Medulloblastoma is divided into four subtypes, including SHH medulloblastoma, which is characterized by elevated SHH signaling and a cerebellum granule neuron precursor cell-of-origin. The histone H3K27 methyltransferase polycomb repressor complex 2 in particular SHH medulloblastoma tumors is often heterogeneous within individual SHH medulloblastoma tumors, as shown here. Complete deletion of the PRC2 core subunit EED in mouse models reduced tumor formation, while a mosaic deletion of EED significantly increased tumor growth. Mesulloblastoma progression in SHH Medulloblastoma was discovered to be both appropriate and sufficient for SHH medulloblastoma progression. Surprisingly, medulloblastomas with mosaic EED growth grew faster than control wildtype tumors, as well as increased amounts of oncogenes such as Igf2, which is specifically repressed by PRC2 and has been shown to be both essential and sufficient for SHH medulloblasto medoma progression. PRC2 heterogeneity in tumor formation was oncogenic factors of IGF2 proliferation, according to IGF2. EEDlow cells can promote EEDhigh cell proliferation through crine IGF2 signaling, according to estimating clones of a human medulloblastoma cell line with different EED levels.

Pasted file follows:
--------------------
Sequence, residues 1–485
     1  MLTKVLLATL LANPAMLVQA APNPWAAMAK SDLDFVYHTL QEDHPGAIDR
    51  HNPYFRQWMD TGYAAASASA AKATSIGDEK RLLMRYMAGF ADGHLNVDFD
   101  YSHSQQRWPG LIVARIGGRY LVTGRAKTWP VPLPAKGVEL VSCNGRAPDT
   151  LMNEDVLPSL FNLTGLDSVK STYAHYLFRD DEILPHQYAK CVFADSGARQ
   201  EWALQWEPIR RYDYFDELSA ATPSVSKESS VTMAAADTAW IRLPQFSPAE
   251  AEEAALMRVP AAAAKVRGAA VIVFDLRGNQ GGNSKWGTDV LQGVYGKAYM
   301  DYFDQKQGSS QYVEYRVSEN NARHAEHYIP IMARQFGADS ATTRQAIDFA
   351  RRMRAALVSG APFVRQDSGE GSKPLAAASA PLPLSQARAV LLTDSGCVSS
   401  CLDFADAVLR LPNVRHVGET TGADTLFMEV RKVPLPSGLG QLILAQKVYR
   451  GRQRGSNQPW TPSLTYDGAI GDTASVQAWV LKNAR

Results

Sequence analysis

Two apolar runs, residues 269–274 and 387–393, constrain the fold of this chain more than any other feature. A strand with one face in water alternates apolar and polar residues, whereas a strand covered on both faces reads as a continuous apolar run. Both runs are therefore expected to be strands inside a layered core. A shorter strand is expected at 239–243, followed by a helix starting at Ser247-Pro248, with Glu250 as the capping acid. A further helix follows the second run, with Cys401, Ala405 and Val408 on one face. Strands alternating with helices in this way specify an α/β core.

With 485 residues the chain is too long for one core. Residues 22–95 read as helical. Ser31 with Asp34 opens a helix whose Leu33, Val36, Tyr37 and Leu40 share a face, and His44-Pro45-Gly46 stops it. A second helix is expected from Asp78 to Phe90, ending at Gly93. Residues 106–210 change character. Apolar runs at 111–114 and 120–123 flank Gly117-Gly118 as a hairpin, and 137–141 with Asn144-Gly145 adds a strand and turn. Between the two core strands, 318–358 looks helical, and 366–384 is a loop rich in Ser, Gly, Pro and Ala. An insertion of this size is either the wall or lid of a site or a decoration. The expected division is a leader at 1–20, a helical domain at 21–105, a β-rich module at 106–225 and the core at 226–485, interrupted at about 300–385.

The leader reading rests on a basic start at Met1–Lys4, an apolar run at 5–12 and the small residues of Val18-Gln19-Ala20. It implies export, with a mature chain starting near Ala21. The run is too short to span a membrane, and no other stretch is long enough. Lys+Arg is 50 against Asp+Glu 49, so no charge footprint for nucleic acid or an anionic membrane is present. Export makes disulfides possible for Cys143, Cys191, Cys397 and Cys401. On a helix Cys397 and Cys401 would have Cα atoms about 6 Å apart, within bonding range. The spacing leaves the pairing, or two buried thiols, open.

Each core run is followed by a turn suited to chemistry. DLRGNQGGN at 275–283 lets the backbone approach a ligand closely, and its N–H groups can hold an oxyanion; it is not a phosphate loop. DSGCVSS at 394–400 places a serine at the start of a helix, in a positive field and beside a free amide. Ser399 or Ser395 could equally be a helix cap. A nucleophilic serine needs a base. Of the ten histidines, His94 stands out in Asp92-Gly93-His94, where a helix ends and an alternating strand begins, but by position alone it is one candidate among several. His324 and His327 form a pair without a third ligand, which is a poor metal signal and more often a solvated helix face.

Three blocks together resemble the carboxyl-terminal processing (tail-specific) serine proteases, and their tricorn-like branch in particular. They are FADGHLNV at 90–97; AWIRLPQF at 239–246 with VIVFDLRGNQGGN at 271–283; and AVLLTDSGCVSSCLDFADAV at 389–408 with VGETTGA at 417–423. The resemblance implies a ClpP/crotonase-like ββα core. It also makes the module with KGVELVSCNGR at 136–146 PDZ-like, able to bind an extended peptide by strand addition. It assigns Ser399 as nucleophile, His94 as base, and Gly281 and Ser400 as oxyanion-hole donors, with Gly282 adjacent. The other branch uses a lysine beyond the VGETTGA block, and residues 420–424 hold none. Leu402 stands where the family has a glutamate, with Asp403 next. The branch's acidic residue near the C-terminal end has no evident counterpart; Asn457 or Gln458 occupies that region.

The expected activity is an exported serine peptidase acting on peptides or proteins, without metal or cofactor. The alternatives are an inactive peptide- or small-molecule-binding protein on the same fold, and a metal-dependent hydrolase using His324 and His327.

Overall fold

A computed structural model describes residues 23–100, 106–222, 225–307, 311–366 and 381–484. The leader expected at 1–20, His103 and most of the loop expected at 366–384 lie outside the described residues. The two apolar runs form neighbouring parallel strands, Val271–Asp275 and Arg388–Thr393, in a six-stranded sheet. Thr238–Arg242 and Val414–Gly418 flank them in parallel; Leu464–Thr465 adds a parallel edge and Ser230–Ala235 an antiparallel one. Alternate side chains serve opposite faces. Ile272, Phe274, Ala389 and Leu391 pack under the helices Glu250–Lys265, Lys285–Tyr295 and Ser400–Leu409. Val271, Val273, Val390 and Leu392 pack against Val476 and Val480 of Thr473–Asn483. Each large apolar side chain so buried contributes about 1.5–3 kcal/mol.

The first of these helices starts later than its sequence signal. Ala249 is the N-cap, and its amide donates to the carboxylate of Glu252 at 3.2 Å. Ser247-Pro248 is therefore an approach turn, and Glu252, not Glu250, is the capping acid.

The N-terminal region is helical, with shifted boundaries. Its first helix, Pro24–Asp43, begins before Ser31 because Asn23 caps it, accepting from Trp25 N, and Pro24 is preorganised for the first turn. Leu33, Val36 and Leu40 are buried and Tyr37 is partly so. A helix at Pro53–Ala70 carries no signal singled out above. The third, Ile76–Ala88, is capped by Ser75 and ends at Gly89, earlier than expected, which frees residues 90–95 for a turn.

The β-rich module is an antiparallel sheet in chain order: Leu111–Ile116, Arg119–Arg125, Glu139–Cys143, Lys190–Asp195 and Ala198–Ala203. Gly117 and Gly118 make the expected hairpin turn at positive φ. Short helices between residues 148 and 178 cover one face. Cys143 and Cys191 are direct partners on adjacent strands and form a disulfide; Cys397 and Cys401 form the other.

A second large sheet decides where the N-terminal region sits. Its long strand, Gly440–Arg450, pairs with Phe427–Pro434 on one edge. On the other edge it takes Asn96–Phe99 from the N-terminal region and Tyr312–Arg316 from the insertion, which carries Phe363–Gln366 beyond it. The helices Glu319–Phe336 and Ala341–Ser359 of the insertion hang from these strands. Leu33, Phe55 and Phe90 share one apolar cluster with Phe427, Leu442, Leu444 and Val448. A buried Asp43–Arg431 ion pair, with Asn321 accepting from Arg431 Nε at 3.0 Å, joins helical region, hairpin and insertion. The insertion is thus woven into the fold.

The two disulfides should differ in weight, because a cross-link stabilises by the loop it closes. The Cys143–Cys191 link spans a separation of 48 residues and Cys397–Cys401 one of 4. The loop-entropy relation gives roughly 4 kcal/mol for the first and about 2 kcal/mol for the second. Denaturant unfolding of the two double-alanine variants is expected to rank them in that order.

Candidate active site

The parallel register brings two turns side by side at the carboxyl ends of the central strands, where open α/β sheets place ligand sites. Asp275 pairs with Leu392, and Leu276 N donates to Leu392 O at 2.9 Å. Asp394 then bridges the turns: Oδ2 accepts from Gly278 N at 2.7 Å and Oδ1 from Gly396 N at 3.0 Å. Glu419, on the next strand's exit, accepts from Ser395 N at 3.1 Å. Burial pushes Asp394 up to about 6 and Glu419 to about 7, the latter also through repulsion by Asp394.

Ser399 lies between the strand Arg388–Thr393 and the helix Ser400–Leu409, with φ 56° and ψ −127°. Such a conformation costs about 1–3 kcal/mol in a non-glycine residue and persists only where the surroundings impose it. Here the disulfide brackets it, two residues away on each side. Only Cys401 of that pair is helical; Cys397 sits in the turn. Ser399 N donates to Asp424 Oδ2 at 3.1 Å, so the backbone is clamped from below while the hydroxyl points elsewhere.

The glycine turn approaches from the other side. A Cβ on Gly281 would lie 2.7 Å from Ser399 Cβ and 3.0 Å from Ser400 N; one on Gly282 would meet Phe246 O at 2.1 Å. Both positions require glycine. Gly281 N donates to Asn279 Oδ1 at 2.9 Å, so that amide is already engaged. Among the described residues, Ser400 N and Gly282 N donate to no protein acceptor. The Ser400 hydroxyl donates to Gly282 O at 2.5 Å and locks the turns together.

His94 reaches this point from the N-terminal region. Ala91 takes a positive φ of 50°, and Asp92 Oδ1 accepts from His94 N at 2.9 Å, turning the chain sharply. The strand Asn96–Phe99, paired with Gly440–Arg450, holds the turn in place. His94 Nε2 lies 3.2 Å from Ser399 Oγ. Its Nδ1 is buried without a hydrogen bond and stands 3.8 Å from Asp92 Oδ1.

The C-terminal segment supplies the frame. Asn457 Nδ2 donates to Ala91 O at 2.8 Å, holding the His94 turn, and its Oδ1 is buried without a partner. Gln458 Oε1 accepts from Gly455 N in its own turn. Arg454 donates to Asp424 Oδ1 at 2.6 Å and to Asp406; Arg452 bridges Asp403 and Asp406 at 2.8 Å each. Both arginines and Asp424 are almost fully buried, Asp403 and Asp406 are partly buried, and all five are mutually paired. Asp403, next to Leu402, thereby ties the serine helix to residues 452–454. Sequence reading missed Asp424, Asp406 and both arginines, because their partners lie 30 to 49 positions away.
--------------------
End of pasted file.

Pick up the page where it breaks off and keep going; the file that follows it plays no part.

Source link: https://www.ncbi.nlm.nih.gov/bioproject/848779


Integrative Genomic Analysis of Medulloblastoma Identifies a Molecular Subgroup That Drives Poor Clinical Outcome